Science Enables Professor To Grow An Ear On His Arm

In an effort to explore how the body performs and functions, an Australian professor is developing a functioning ear on his own arm.

Stelarc, an Australian university professor, has grown an ear on his arm as part of an art project that blends body and machine.

A medical team inserted the bio-polymer frame shaped like an ear beneath his skin and within six months, tissue and blood vessels grew around it.

“It is partly surgically constructed, and partially cell-grown,” Stelarc said during an interview with the Today Show.


The project has been in the works for nearly a decade and is still not finished. He wants to eventually grow an earlobe on it -- developed from his own stem cells -- and then have a microphone with a wireless transmitter inserted that can be connected to Wi-Fi.

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This process will allow anyone listening online to hear what the ear hears. Stelarc previously tried to add a microphone but had to remove it due to an infection.

He said the reactions from other people to the ear in his arm range anywhere from fascination to own reaction aligned more closely with the latter.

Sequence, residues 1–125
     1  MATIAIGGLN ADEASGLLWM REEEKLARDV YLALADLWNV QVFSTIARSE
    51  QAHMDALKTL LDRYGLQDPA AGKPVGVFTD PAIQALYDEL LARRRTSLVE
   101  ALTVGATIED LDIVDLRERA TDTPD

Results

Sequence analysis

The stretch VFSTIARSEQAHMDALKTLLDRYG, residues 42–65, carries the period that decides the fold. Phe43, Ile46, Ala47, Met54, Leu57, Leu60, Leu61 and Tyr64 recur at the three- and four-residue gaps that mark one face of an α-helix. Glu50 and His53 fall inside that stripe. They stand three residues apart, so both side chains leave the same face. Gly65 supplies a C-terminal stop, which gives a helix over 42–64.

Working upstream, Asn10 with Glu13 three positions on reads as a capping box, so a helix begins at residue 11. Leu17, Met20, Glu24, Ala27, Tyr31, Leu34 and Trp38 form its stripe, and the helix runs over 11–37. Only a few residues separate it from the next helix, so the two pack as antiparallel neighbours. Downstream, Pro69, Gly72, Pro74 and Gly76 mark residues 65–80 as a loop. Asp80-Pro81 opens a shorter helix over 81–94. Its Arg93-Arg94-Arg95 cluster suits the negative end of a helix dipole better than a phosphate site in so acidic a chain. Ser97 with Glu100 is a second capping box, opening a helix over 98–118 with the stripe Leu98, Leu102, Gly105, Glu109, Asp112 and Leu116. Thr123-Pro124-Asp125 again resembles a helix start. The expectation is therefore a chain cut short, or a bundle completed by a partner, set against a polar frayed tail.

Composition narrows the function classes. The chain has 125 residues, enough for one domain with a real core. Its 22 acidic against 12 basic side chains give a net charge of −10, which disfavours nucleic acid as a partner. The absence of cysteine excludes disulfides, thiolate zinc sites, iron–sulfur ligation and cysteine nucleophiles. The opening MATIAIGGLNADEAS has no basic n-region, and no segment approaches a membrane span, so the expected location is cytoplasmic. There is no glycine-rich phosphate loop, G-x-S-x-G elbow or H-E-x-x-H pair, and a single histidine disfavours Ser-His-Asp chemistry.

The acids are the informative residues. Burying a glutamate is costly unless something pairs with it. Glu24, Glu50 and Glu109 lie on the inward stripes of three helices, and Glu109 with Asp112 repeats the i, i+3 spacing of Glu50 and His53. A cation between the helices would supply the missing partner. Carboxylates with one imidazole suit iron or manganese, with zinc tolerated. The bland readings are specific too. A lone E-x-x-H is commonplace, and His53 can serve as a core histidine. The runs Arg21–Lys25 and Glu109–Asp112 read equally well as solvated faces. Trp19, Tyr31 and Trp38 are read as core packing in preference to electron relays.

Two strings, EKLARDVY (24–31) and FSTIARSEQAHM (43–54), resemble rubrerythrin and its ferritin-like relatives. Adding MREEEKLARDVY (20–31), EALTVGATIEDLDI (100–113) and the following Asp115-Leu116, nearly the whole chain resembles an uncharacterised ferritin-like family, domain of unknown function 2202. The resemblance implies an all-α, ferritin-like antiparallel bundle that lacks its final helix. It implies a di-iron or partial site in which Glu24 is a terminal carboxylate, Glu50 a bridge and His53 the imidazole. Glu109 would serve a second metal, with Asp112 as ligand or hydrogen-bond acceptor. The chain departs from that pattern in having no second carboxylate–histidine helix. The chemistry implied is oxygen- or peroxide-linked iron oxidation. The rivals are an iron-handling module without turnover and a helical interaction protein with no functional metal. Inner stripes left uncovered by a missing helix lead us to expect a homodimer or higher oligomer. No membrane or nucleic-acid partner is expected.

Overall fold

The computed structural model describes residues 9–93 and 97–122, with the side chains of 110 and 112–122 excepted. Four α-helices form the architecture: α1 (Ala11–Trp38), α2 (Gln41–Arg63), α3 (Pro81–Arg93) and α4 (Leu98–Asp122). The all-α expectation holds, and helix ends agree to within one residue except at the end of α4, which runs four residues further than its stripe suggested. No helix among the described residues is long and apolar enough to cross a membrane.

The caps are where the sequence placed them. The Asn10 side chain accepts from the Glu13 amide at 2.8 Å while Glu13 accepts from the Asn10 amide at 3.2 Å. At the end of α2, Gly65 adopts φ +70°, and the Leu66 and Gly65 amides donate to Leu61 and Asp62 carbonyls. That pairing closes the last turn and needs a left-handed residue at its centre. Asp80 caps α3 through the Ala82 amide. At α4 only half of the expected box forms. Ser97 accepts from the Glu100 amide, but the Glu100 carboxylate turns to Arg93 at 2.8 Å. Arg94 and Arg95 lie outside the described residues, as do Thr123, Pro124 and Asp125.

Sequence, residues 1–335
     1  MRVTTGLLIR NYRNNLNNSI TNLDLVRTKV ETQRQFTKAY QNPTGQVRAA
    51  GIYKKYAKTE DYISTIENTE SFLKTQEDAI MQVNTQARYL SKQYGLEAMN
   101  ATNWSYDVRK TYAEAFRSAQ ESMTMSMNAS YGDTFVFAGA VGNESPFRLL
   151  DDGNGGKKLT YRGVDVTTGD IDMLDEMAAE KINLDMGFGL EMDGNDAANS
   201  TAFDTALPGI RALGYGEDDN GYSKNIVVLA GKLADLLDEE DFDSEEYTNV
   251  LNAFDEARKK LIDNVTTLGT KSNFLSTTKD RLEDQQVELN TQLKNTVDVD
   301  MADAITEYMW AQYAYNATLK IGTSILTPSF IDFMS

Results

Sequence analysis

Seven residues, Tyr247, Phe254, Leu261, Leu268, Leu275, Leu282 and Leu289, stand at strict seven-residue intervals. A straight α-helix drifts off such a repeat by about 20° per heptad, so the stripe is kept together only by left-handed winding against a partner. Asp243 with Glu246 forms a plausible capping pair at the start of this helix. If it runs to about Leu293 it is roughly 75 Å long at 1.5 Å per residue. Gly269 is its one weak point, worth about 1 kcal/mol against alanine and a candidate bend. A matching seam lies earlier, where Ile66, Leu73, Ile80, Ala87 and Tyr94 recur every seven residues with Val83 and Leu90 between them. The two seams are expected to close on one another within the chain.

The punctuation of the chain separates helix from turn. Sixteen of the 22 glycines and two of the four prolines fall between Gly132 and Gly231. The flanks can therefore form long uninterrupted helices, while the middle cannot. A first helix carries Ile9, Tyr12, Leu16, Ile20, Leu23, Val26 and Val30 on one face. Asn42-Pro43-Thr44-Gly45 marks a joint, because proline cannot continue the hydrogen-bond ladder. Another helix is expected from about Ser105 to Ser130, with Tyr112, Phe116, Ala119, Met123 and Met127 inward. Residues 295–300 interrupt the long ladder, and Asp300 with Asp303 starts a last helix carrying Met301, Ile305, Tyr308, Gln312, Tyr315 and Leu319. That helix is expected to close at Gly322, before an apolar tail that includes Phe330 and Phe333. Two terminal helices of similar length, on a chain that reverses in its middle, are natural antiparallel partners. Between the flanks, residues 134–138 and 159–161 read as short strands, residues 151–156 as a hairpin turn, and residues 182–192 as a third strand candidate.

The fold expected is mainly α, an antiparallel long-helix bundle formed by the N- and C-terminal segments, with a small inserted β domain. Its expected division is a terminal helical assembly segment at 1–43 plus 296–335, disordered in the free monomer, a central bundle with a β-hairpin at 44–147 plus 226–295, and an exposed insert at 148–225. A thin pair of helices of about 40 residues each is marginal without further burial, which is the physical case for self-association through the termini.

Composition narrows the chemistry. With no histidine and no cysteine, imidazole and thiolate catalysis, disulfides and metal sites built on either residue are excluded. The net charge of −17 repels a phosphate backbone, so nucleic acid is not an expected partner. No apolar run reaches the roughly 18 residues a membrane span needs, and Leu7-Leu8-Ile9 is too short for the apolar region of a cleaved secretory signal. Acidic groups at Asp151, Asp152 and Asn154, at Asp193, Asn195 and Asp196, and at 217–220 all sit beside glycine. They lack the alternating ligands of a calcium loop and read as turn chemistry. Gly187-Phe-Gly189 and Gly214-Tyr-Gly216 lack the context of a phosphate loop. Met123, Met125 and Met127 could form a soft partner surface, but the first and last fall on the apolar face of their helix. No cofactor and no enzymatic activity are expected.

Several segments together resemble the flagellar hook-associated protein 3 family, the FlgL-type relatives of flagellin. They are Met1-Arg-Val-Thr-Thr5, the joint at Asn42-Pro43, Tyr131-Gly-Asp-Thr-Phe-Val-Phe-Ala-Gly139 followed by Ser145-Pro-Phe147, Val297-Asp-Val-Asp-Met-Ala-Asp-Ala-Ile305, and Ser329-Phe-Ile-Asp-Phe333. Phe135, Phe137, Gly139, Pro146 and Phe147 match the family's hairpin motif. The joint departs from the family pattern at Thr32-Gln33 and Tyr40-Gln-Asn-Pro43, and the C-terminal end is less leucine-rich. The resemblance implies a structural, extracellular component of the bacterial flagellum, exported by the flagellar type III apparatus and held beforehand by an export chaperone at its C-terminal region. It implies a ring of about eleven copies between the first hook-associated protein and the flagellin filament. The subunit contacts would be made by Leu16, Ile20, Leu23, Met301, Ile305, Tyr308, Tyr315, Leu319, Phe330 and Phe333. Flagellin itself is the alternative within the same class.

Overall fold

The concept is intriguing, no doubt, but why would anyone feel a need or desire to have this?

According to Stelarc, it's just important to discover how the body performs because it functions as an extended operational system, similarly to a machine. 

"This ear is not for me, I've got two good ears to hear with. This ear is a remote listening device for people in other places," Stelarc told ABC News.

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"They'll be able to follow a conversation or hear the sounds of a concert, wherever I am, wherever you are ... imagine if I could hear with the ears of someone in New York."

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